Monday, November 24, 2008
The Great Annie Lennox
Music has always been my most silent and steady companion. For as far as I remember, I can say that music has been the one thing that has inspired me, fed me, healed me and set my heart free from all the troubles that life has sent my way. Music was my outlet even before writing. My headphones are like my second set of ears.
Tonight I was watching the American Music Awards, and initially I was quite depressed at the performances. I was tapping my controller on the lap and thinking of the music that has pulled my heartstrings over the years. Where has all the good stuff gone?
We all know that there is so much crap mainstream music out there today. It is hard to see past all the rubbish to find musical substance. There is tons of pop out there, some of which I totally do enjoy, but where are the great musicians of the past 30 years?
Enter redemption; Annie Lennox. I just can’t speak enough of how much Annie Lennox has inspired me as an artist. When I often sit and write, the lyrics of this musical genius run through my mind. Her linguistic vulnerability is a rarity. Annie is a source of redemption for me. Her words and the emotions in her messages move my insides and make me feel so much more than even my words can explain.
Her beautiful crescendos of love and pain speak with a heart of contemplation, frustration and universality. Annie Lennox is one of the greatest artists of our time.
Today, when she sang “Why,” at the American Music Awards, the tears started to run from my eyes. This is not the first time I have been this moved by her performance. I recall at Live 8, she was the one singer that provoked the reaction of tears from me. She is the one artist I have not seen live, that I wish to see the most.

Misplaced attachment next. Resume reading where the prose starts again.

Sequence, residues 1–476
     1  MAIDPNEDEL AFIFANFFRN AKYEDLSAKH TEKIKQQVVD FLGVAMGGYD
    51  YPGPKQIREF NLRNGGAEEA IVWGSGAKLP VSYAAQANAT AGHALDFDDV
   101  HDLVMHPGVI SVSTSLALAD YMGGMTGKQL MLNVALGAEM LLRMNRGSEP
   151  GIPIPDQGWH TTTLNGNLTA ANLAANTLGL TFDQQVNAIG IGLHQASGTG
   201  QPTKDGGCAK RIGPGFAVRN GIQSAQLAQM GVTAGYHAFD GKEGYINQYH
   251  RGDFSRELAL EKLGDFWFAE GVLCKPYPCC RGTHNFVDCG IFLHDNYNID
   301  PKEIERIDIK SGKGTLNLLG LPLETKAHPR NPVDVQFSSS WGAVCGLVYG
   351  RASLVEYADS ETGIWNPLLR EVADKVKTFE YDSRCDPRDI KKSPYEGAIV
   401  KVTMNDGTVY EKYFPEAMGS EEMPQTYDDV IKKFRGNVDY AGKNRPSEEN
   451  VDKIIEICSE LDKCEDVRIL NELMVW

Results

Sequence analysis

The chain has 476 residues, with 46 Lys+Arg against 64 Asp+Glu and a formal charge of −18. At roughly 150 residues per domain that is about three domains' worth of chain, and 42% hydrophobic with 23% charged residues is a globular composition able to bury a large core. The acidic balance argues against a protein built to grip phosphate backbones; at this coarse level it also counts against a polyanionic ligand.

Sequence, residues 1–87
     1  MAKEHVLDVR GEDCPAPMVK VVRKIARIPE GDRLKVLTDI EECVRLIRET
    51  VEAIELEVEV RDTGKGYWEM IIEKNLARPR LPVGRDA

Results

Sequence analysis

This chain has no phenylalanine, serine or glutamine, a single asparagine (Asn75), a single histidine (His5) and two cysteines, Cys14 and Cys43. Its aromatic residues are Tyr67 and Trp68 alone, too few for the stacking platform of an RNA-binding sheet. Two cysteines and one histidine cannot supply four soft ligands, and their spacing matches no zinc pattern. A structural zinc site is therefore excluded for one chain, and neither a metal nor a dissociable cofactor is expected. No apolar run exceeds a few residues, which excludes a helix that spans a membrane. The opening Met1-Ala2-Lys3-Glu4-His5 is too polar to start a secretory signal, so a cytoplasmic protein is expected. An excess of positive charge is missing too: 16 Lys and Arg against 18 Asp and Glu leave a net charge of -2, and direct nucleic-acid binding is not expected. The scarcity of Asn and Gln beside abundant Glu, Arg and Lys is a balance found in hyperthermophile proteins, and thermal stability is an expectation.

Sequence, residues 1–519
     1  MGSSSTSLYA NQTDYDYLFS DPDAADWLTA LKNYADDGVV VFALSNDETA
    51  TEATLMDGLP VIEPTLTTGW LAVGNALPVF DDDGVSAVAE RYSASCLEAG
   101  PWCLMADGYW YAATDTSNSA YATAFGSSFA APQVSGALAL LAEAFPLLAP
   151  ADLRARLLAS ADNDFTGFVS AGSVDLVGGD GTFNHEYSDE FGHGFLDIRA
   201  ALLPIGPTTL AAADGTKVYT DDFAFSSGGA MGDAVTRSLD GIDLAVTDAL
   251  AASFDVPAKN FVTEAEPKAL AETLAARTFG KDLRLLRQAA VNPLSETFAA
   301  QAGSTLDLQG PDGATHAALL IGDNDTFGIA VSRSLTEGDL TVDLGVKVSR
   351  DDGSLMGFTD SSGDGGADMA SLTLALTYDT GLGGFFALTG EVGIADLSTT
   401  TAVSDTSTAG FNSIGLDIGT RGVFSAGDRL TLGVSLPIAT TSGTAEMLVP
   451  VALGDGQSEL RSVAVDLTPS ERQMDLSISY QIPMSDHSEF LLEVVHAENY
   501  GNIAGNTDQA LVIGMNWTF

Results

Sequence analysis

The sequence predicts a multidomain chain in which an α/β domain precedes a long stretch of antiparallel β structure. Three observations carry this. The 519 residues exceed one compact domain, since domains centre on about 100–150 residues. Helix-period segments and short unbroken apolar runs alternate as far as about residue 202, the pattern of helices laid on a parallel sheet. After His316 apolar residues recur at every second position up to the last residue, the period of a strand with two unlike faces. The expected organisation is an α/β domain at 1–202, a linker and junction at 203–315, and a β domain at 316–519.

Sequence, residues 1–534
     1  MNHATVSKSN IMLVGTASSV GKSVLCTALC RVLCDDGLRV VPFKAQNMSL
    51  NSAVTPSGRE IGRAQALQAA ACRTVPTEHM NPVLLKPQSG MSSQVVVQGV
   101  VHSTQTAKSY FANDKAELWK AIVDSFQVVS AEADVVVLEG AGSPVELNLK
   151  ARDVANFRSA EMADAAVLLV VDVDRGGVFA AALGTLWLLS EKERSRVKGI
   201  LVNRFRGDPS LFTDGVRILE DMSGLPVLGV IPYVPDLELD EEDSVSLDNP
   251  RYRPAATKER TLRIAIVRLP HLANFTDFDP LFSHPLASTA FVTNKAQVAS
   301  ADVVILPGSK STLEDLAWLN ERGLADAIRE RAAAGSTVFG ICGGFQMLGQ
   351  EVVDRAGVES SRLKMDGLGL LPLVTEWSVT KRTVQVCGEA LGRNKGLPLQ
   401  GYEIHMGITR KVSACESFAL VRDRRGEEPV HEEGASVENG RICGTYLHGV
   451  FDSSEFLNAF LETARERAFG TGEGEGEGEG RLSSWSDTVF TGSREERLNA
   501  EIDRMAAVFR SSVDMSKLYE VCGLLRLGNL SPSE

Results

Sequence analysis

Annie Lennox is as timeless as the beautiful songs she gives voice to. She is a perfect mold for a true female musician. Annie played with experimental sounds with the Eurythmics (with longtime partner Dave Stewart) and then became a successful solo artist. Also a fashion icon is her own right, Annie popularized the iconography of female androgyny in popular culture and brought theatrical performance to the music videos. She can tell a story without it ever looking forced or awkward.
No matter what endeavor she taken on over the years, she has always done it with class and compassion. I can continuously listen to anything from the span of her career, whether it be “Here Comes the Rain,” “Who’s That Girl,” “Walking on Broken Glass,” Little Bird,” “No More I Love Yous,” or any work off of her newer albums, which received no attention on North American charts and barely any in the UK.
Annie shows us that you don’t need to strip your clothes off, or sell your soul to the devil to be noticed. Her legacy should be what young women today see. She stands for showing that you can be yourself and express yourself through vulnerability and difficult change.
Rarely in the spotlight for her music now, Annie’s humanitarian work also gets undermined- but that’s just Annie. Never seeking the spotlight, a star that burns brighter than so many around her. Somehow she still seems shy to me when she is not performing. However when she takes the stage, she opens her heart for the world to hear her beautiful stories through song.